The armed services administers a test to all potential enlistees called the Armed Forces Vocational Aptitude Battery (ASVAB). This exam consists of nine subtests in different subjects. As Steve Sailer has explained on numerous occasions, four of these subtests are combined to constitute the Armed Forces Qualification Test (AFQT), a highly g-loaded (i.e., roughly correlated with IQ) exam that determines enlistment eligibility. Additionally, the subtests are combined in different ways to determine eligibility for specific career fields.
For instance, the Air Force has an enlisted career field (AFSC) designated "3E032: Electrical Power Production". Admission to this career field requires meeting thresholds along two different aptitude dimensions: mechanical (M) and electrical (E). These dimensions are calculated from ASVAB subtests using the following formulas:
M = MC + GS + 2 x AS
E = AR + MK + EI + GS
The indicated subtests are:
MC: Mechanical Comprehension
GS: General Science
AS: Auto & Shop Information
AR: Arithmetic Reasoning
MK: Math Knowledge
EI: Electrical Information
The thresholds for these tests are:
M: 56th %-ile of U.S. population
E: 40th %-ile of U.S. population
These percentiles aren't especially high. We aren’t talking about an engineering degree here, merely the aptitude to work as a technician in a power plant. No doubt any reader of this blog would qualify for this AFSC. (Full disclosure: according to the ASVAB site, I know next to nothing about automobiles, although I made some shrewd guesses on the shop questions, which are broken out separately.) The electrical dimension is substantially g-loaded, two of its subtests being used to calculate the AFQT score. In theory, the other subjects should be teachable; significantly, however, the Air Force declines to teach these subjects as part of the technical training it provides to members of the AFSC. Rather it expects them to know the information before they enlist, or to learn it on their own.
Of the two dimensions, E is the more g-loaded, as two of its subtests are also used to calculate the AFQT score. Note that these percentiles are to some degree cumulative, depending on the degree of covariance between the dimensions. I tried in vain to find this covariance; the best I could do was this 2006 paper that identified correlations between several of the subtests. The relevant correlation is between AR and AS: .35, not especially high. On the other hand, the GS subtest is a factor in both dimensions, and its correlation with itself is obviously 1. As a back-of-the-envelope calculation, we will take the midpoint between these two numbers as representing the correlation between the two dimensions: .672.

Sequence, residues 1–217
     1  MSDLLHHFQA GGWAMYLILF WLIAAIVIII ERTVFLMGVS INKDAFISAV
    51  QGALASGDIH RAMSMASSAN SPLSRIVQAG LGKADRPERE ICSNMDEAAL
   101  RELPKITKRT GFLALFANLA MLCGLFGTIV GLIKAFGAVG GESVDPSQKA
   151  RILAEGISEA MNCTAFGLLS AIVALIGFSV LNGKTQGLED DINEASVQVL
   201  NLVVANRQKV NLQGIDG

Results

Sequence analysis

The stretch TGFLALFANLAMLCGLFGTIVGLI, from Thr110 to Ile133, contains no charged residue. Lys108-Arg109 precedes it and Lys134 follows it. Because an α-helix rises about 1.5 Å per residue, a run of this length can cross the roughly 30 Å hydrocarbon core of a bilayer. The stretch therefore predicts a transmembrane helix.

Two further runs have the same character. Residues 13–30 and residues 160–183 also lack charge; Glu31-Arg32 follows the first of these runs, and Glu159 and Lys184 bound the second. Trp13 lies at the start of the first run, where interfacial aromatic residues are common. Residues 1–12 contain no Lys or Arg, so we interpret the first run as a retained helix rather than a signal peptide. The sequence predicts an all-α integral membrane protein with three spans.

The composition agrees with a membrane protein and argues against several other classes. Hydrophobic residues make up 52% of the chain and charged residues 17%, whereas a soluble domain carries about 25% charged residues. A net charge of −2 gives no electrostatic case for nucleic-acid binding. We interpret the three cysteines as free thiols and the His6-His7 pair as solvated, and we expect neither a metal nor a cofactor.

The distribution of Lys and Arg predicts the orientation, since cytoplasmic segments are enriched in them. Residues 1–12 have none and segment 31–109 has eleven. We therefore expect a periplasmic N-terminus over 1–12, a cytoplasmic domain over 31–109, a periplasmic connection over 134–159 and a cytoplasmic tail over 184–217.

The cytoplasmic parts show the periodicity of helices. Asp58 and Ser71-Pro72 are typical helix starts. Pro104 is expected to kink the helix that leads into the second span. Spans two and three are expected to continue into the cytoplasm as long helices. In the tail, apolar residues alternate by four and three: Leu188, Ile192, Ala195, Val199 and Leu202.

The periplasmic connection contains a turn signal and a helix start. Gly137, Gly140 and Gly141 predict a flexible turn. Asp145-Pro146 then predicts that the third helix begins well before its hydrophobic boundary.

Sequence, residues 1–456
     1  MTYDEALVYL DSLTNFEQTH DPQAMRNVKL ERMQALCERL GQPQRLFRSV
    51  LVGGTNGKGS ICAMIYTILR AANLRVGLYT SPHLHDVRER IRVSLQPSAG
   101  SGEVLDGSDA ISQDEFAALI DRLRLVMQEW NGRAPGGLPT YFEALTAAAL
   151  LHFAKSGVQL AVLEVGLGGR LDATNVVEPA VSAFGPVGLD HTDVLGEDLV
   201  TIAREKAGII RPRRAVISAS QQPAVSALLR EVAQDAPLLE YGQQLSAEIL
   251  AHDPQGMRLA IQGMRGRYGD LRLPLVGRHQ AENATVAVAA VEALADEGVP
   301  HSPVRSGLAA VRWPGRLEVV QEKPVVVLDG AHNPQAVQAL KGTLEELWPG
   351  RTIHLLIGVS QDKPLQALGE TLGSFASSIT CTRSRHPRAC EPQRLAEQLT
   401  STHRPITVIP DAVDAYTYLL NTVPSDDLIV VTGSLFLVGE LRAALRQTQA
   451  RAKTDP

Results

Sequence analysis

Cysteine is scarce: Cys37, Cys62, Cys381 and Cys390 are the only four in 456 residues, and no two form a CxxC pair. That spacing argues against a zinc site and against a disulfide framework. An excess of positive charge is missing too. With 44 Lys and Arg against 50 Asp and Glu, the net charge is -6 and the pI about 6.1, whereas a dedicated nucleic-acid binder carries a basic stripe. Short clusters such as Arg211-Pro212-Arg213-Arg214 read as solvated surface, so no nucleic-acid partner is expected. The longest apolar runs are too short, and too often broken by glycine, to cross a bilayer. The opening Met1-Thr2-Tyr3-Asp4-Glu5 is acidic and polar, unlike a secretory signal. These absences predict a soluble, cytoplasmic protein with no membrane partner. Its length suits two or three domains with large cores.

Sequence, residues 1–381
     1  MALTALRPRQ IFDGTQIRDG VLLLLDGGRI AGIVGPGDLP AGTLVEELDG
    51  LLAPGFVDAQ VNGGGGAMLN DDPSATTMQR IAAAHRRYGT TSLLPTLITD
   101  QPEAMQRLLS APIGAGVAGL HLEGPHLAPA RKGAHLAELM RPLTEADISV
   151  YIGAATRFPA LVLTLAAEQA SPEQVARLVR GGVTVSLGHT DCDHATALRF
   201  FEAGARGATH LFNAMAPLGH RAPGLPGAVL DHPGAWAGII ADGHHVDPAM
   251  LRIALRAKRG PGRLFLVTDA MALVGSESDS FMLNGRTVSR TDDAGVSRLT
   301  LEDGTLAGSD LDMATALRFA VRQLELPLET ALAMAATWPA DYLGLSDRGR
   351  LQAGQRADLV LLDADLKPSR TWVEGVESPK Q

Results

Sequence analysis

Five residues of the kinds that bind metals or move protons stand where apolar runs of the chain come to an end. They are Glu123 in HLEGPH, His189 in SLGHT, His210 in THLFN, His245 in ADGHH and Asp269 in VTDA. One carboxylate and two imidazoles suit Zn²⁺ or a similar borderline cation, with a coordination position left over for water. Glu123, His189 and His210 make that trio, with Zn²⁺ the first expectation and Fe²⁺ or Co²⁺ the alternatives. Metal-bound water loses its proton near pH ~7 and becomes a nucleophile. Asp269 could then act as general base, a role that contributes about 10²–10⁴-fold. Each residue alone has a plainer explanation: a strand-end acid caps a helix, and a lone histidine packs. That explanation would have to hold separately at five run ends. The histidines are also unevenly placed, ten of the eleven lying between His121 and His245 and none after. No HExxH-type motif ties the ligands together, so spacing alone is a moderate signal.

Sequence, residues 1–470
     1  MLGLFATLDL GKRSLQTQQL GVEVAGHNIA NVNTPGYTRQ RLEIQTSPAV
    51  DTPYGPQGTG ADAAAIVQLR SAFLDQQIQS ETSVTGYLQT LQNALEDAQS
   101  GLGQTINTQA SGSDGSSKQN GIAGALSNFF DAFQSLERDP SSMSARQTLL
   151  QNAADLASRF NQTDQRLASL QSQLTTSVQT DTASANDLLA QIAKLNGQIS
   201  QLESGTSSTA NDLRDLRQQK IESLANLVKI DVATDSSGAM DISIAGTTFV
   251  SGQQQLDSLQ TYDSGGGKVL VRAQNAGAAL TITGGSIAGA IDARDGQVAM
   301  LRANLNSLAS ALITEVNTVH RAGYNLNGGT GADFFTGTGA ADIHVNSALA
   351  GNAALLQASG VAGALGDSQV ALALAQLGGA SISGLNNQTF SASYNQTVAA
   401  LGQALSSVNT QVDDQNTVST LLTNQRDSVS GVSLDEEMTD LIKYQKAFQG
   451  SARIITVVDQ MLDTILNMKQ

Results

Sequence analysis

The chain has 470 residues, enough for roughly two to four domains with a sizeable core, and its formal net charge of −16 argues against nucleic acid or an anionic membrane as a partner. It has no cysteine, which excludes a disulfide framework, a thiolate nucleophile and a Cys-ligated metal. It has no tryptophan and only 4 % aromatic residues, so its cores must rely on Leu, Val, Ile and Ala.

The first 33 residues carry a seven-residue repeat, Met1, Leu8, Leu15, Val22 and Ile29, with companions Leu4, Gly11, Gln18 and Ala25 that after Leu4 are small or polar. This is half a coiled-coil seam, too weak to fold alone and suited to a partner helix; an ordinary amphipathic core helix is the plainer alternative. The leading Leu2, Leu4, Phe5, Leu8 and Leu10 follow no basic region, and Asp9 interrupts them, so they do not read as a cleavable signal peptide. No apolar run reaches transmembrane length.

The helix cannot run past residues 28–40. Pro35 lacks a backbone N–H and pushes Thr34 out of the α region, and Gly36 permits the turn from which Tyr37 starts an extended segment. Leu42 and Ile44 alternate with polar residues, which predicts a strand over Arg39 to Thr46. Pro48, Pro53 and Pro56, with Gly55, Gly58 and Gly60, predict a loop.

A quick Monte Carlo simulation in Matlab tells us that with two dimensions this highly correlated, the overall qualifying percentile is only slightly above that for M: 58th. I shall refer to this value as ME58.
Armed with this overall percentile, I can now use the inverse Gaussian cumulative density function to calculate that this is about .2 SDs above the population mean, equivalent to an IQ of 103.
Question: What would this look like in Afghanistan?
Lynn and Vanhanen measured the Afghan IQ as a full SD below the American mean. If we assume: first, that the IQ variance among Afghans is the same as among Americans; and second, that the distribution of ME aptitude mirrors the distribution of IQ, then we can see that the aptitude cutoff for Electrical Power Production is 1.2 SDs above the Afghan mean, which corresponds to the 88th percentile.
Now, on the one hand, in a nation of 21 million, the 88th percentile still holds plenty of people capable of running the country’s power plants. But on the other, this requirement must compete with all the other demands of the kind of technical society that USAID and USACE are determined to foist upon the Afghans. When you add to the consideration the superior opportunities open to the 88th percentile (e.g., looting USAID contracts), you begin to wonder if there is really enough aptitude in Afghanistan to run the society we want them to have.